Barake et al17 reported that the mean age for hip fracture patients from Arab countries is 74.2 years with more than 50% of patients being female. Our results were consistent with these trends; as the mean age for our population was 75 years and 53.7% were females.
Regarding the most prevalent type of osteoporotic hip fracture, there is a disparity between Arab countries. The largest study from Lebanon reported dominancy of femoral neck fractures (74%),18 while in Saudi Arabia the trochanteric fractures are in favor (47% trochanteric Vs 43% femoral neck).5,19 In our study, the trochanteric fractures are double the femoral neck fractures. Several previous reports emphasized that trochanteric fractures are present in older people compared with femoral neck fractures; thus, associated with higher mortality rates.20,21 Additionally, more than half of patients included in this study were aged ≥ 75 years and had 2 or more comorbid diseases. We believe that clinicians in Jordan should know that most of their patients are at higher risk of mortality.
The length of hospital stay for hip fracture care is different across the world. Lawrence et al22 and Piscitelli et al23 reported an average of 23 and 15 days in the UK and Italy respectively. Our findings showed a lower average hospital stay of 7.44 days. Indeed, this is close to the finding reported by Saad et al from Lebanon.16 We expect that the great social support provided by the family may have a role in reducing the days of hospitalization for elderly people in Arab countries. In western countries, elderly patients may wait a considerable time to get formal social support or to have a place in a nursing home facility. Additionally, in western countries, the transfer of hip fracture patients to geriatric care after the surgical intervention may play a role in lengthening the hospital stay. This service is not available in Jordan, thus, explaining the notable difference in average hospital stay between Jordan and western countries.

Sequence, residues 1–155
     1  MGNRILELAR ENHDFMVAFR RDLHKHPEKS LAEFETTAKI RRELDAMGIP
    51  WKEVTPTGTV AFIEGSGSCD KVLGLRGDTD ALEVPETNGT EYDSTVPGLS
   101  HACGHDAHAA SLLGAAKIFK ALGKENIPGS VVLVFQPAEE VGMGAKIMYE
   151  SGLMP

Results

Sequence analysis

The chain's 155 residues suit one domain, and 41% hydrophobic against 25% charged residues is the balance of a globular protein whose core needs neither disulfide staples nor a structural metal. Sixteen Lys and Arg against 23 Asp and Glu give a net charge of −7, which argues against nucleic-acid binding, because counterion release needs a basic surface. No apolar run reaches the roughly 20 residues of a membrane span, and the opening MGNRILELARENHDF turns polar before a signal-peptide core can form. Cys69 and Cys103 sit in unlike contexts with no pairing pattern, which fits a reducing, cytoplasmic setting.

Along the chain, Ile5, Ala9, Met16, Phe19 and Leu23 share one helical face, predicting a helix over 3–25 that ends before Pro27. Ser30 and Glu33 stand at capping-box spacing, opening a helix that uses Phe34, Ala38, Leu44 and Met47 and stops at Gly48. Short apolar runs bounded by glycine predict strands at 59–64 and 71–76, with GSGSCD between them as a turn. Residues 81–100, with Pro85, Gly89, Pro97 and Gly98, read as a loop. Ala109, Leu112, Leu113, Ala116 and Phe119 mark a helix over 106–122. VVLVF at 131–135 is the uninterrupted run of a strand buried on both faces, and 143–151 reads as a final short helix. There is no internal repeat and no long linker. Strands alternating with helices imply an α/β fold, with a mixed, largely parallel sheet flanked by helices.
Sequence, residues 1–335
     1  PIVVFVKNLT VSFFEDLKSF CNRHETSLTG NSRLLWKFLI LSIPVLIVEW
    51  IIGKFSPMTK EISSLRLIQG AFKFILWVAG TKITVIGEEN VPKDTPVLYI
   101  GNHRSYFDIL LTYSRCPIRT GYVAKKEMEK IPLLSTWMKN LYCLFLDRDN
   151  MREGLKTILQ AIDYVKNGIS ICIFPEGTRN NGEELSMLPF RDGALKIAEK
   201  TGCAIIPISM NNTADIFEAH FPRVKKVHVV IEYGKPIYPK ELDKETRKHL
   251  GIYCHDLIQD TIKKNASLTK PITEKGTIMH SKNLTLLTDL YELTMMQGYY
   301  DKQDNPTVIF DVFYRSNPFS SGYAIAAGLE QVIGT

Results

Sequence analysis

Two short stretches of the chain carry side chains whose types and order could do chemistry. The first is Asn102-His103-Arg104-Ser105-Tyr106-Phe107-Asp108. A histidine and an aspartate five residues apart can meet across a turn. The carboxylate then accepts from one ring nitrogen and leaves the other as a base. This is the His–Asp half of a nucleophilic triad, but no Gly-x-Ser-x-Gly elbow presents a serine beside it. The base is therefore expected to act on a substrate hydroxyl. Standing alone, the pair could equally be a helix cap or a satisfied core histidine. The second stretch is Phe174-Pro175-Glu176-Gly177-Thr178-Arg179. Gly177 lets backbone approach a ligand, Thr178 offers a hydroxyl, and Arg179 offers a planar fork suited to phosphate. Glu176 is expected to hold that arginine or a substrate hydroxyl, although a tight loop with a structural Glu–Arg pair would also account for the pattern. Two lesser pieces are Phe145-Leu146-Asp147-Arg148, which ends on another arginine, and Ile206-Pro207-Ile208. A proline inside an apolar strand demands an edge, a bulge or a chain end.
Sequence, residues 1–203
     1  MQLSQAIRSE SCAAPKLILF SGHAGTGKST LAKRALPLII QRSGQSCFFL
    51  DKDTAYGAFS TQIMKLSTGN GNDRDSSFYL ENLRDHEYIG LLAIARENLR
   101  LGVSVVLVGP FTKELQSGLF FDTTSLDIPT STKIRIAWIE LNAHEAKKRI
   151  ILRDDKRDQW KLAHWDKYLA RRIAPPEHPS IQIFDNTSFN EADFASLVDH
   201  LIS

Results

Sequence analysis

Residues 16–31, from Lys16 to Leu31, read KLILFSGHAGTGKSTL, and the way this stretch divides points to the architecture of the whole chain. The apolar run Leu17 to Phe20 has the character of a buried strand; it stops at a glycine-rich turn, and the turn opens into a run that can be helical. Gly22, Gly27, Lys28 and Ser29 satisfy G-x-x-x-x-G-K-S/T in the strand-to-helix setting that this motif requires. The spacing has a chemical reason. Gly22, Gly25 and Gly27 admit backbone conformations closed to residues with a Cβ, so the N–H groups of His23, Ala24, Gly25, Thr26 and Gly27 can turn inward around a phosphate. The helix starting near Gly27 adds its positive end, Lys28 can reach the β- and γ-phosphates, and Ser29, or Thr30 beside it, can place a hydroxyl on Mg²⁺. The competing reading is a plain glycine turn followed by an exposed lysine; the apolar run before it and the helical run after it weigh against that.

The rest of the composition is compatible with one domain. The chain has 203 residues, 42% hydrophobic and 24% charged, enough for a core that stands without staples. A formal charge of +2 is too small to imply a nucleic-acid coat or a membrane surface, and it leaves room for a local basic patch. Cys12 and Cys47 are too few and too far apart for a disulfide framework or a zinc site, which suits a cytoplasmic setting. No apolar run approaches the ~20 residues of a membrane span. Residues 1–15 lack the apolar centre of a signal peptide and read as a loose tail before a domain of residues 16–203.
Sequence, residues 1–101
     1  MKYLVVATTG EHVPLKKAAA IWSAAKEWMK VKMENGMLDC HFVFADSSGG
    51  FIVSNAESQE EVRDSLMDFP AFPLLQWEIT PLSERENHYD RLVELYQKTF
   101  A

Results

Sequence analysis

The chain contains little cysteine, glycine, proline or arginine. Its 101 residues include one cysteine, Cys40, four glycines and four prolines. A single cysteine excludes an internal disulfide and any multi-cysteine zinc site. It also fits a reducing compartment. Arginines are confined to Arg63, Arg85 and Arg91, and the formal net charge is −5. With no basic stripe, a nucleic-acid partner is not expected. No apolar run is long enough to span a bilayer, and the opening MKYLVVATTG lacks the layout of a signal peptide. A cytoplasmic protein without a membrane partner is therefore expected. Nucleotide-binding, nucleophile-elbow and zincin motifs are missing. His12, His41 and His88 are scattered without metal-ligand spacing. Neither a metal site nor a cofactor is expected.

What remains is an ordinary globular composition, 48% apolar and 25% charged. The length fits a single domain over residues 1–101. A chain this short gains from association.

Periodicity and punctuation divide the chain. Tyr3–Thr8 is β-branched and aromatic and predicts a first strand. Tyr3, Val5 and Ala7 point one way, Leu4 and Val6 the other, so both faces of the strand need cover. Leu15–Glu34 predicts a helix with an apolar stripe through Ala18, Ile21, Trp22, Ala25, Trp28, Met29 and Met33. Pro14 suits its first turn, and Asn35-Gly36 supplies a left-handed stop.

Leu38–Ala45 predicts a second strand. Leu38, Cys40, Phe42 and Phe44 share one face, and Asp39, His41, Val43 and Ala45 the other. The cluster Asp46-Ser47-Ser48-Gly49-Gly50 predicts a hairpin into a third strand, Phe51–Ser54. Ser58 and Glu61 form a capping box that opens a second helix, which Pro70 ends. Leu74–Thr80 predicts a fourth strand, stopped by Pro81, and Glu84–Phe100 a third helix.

Internationally, the 1-year mortality rate of hip fracture patients may reach up to 33%.12,24 Recent studies documented the 1-year mortality rate of hip fractures in the nearby Arab countries (such as Saudi Arabia and Lebanon); it is ranging from 10 to 25%.16,17,19,25,26 Our findings showed a 12.8% 1-year mortality rate, which is at the lower limit of the rates of nearby Arab countries.
Blood transfusion for elderly hip fracture patients is associated with higher costs and transfusion-related complications. The American Academy of Orthopaedic Surgeons recommends a blood transfusion threshold of no higher than 8 g/dL in asymptomatic patients with hip fractures postoperatively.27 In our study, nearly one-third of all patients (34.5%) received a blood transfusion. The postoperative hemoglobin level was more than 8 g/dl in 84.4% of patients who received blood. Unfortunately, we did not find a well-documentation for those patients if they were symptomatic or without symptoms before blood transfusion.
Previous Studies About Hip Fractures in Jordan
To the best of our knowledge, we identified two studies about hip fractures in Jordan. The first study discussed the practice of management of elderly hip fracture in a single center within one year compared to the guidelines recommended by the American Academy of Orthopaedic Surgeons.9 Their findings were close to our findings regarding average age, female gender and trochanteric type predominance, medical comorbidities, and the average length of hospital stay. The second study focused on the relationship between red cell distribution width and 6-months mortality of hip fractures. It was also from single center but included patients over 3.5 years duration.10 They reported a 12.8% mortality rate within 6 months of surgery. Our study is a multicenter study from 4 major hospitals covering about 50% of hip fracture care in Jordan. This study is the first study from Jordan reporting the incidence and mortality over a 1-year duration.